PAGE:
Book Review: Seven Deadly Shadows by Courtney Alameda and Valynne E. Maetani

In December, the team at Harper Collins sent me a few books to read and review during the Winter. I rubbed my hands in glee when I received Seven Deadly Shadows by Courtney Alameda and Valynne E. Maetani. I looked forward to reading this fantasy novel so much that I chose it to be my first read for 2020.

Genre: Young Adult Fantasy

Publication Date: 28 January 2020

Blurb:

Kira Fujikawa has always been a girl on the fringe. Bullied by her peers and ignored by her parents, the only place Kira’s ever felt at home is at her grandfather’s Shinto shrine, where she trains to be a priestess.

But Kira’s life is shattered on the night her family’s shrine is attacked by a vicious band of yokai demons. With the help of Shiro—the shrine’s gorgeous half-fox, half-boy kitsune—Kira discovers that her shrine harbors an ancient artifact of great power . . . one the yokai and their demon lord, Shuten-doji, will use to bring down an everlasting darkness upon the world.

Unable to face the Shuten-doji and his minions on her own, Kira enlists the aid of seven ruthless shinigami—or death gods—to help stop the brutal destruction of humankind. But some of the death gods aren’t everything they initially seemed, nor as loyal to Kira’s cause as they first appeared.

With war drawing nearer by the day, Kira realizes that if this unlikely band of heroes is going to survive, they’re going to have to learn to work together, confront their demons, and rise as one to face an army of unimaginable evil.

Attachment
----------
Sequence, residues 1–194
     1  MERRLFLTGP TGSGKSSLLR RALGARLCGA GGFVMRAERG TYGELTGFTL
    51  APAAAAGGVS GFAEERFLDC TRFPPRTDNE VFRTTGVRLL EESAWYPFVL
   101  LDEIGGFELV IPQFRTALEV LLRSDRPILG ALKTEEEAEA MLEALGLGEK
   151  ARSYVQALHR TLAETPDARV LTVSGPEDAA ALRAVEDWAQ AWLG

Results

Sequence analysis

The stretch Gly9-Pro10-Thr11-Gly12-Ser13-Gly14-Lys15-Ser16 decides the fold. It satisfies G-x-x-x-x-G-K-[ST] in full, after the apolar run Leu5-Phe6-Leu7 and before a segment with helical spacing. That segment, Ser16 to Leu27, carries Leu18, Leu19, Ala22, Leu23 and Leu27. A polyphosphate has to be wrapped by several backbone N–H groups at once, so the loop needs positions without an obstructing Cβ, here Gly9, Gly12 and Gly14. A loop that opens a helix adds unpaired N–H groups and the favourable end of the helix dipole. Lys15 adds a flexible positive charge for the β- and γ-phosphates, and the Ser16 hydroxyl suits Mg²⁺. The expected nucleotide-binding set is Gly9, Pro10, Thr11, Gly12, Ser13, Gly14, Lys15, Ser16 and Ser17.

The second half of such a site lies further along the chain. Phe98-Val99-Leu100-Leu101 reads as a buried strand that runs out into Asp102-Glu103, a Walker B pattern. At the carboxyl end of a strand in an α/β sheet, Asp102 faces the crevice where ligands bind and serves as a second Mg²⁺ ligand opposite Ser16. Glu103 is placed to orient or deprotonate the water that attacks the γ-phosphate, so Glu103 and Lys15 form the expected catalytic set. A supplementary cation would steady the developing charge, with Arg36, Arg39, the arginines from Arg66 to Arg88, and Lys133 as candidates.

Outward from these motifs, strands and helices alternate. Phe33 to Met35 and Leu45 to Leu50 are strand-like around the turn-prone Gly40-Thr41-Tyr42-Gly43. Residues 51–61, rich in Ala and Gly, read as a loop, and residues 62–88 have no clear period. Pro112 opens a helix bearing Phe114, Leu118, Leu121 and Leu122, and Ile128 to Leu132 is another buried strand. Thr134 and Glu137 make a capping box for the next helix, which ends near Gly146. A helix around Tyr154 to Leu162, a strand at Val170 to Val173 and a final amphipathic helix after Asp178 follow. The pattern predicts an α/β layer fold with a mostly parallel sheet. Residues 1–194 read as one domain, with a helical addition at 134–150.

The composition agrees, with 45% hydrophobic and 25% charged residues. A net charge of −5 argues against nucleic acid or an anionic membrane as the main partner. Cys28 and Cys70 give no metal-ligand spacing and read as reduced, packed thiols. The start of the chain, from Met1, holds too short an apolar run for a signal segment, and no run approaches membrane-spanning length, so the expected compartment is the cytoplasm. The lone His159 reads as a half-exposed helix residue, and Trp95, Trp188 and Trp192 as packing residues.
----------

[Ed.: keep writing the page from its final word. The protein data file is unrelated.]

My thoughts:

I loved this book! It was beautifully written and embraced Japanese mythology and manga traditions. The delightful use of metaphors and similes drew me into the story, and the engaging characters kept me there. I enjoyed reading Kira’s story and watching her growth throughout the novel.

Seven Deadly Shadows is a story that narrates the change Kira goes through in order to achieve her goals. She slowly comes into her own with the support from unexpected sources. Her growth is shown symbolically in the novel – as is the moment in which she realises her strength. Kira is a character that I supported fully while I read the story; she is a character I loved and could not get enough of.

It took me a while to get used to the Japanese names and references in the novel but this in no way hampered my enjoyment of the story. The glossary at the back of the novel was an easy reference that helped me to quickly understand unknown terms. In no time, I was able to read the story without flipping to the back of the book.

Seven Deadly Shadows reminded me of Shadow of the Fox by Julie Kagawa and if you loved that story, you will love this one. It is written in the same style and has the same mythological references. This Fantasy read is also a diverse read as it explores a culture that is not a typical Western culture. If you have not read this genre before, Alameda & Maetini’s story is a good place to start.

I give this novel ⭐️⭐️⭐️⭐️⭐️ 5 stars with no reservation.

© Colline Kook-Chun, 2020

(This novel was the 1st novel in my book pledge for 2020)

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